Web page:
Gene therapy through different lenses
After decades of clinical research and numerous setbacks, the promise of gene therapy is now much more than a glimmering hope on the horizon.
Gene therapy is poised to revolutionize medicine as it presents the opportunity to remove or change the content of an individual’s genetic code in order to potentially treat or cure disease.  This is especially meaningful for those suffering from life-threatening monogenic diseases that appear at birth or begin to manifest within the first few months of life. And recent landmark product approvals around the globe, such as Kymriah, Yescarta, and Luxturna, represent the pioneers of this burgeoning new era in medicine.
Although there are only a handful of gene therapies presently available, many more are well on their way to hitting the market. Regulatory agencies have acknowledged a surge of cell and gene therapy products entering early development and only anticipate this trend to continue over the coming years.  In addition to the current 800 active cell-based or directly administered gene therapy Investigational New Drug (IND) applications on file, the FDA forecasts that by 2020 the agency will receive over 200 new IND applications annually. They also predict that by 2025 up to 20 novel cell and gene therapy drugs will be approved annually. The scene is changing, and changing quickly.
In order to address this massive influx of applications, the FDA is under pressure to hire more clinical reviewers and issue clinical guidance documents that will foster product development. These guidance documents should ideally serve a variety of stakeholders and help to navigate a new realm of medicine – no small task. Current and future gene therapy players are watching closely, as the guidelines and precedents being decided now will set the tone for years to come. Already there are numerous patient, payor, healthcare provider, and regulatory considerations that will need to be better understood and addressed to not only facilitate adoption, but ensure access. We take a look at gene therapy through these lenses below.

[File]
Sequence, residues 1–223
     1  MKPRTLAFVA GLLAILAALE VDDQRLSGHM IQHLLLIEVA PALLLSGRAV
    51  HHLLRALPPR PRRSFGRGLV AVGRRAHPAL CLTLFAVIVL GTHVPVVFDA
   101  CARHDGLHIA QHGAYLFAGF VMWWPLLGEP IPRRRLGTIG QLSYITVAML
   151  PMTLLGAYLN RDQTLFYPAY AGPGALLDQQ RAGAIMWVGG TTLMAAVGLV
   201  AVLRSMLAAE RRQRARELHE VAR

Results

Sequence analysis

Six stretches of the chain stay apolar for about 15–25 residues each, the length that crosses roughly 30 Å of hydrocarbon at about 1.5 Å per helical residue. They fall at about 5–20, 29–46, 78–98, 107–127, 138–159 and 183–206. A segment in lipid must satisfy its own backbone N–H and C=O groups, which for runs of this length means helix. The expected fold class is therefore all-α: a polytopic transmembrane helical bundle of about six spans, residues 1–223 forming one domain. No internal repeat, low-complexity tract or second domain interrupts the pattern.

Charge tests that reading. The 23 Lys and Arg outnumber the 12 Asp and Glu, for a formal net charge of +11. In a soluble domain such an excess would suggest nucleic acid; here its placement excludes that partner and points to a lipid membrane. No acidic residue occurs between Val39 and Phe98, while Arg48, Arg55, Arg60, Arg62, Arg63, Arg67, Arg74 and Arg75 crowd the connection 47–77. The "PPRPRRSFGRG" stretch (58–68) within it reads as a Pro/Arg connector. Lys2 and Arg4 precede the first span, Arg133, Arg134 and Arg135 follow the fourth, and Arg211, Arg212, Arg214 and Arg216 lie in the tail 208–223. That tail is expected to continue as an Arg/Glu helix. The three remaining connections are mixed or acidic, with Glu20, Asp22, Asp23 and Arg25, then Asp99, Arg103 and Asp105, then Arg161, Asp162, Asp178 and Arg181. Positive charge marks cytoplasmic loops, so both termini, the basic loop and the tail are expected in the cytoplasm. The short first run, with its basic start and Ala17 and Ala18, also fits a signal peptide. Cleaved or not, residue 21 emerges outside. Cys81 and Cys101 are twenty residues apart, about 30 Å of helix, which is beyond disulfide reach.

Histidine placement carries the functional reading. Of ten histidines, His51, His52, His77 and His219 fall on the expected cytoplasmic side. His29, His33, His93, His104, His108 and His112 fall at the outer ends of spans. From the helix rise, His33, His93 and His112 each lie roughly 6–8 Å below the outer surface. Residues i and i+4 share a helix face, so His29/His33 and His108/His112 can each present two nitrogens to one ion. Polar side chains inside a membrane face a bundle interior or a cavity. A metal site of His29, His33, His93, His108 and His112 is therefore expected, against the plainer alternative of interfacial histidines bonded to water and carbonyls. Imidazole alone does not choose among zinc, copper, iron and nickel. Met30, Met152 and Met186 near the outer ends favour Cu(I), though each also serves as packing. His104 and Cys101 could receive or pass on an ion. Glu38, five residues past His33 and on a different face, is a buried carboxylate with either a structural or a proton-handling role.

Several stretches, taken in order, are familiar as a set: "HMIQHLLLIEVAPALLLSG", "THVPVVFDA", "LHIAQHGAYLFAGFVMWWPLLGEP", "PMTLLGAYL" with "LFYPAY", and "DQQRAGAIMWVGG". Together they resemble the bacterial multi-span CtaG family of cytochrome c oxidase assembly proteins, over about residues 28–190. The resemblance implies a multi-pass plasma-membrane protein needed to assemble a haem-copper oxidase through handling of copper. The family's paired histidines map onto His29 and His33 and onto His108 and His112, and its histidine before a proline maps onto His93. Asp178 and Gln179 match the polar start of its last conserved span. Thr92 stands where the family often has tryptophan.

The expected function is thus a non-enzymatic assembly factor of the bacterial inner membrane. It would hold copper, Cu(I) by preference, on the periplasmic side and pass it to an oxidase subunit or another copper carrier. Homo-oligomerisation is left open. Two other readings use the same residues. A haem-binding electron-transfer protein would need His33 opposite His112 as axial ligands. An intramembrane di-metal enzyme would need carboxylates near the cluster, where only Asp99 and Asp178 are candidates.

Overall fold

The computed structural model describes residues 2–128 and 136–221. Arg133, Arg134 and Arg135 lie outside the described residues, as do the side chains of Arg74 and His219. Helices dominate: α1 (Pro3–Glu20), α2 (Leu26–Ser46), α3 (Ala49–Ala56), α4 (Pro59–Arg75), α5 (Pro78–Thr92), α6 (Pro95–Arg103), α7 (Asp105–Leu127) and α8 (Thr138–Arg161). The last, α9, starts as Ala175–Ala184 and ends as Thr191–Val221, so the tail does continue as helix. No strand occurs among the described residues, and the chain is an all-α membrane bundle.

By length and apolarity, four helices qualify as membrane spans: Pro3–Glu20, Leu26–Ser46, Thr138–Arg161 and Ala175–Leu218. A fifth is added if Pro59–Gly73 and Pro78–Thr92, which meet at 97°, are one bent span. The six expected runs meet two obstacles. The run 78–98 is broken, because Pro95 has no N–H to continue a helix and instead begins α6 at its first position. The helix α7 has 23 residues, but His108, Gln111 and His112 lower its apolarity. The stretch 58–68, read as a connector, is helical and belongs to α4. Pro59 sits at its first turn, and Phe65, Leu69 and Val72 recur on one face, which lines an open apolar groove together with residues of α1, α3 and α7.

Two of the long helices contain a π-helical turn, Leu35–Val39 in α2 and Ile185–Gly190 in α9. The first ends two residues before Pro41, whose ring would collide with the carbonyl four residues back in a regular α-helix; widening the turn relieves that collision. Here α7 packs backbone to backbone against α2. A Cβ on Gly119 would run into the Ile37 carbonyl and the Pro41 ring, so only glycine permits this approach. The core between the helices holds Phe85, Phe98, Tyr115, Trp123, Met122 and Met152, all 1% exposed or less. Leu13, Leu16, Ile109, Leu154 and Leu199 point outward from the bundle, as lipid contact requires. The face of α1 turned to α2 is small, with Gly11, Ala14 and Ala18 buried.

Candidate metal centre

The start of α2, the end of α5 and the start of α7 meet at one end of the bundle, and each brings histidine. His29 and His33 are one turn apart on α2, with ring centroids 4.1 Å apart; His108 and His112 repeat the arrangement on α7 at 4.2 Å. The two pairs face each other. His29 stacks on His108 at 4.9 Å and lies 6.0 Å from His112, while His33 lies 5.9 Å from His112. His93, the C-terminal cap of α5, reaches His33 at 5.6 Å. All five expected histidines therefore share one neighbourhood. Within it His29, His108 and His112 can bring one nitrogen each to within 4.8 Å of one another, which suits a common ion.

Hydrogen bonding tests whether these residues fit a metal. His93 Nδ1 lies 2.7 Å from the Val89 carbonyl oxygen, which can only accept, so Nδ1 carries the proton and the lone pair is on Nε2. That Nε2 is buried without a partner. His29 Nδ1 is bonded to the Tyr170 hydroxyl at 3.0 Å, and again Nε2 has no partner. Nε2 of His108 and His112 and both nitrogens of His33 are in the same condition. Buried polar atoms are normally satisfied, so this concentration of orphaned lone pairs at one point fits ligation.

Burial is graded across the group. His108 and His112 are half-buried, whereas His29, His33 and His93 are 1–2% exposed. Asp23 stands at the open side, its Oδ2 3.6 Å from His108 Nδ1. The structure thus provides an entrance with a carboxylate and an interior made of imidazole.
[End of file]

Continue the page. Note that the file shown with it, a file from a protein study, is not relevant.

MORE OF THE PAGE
The appeal of gene therapy is evident for many patients – a potential one-time disease treatment or cure that provides them with the long-desired opportunity to return to good health. These innovative therapies can alleviate high treatment burdens, reduce compliance challenges, and encourage personalized medicine approaches. However, patients’ undeniable eagerness for this cutting edge technology is severely dampened by its blockbuster price tag.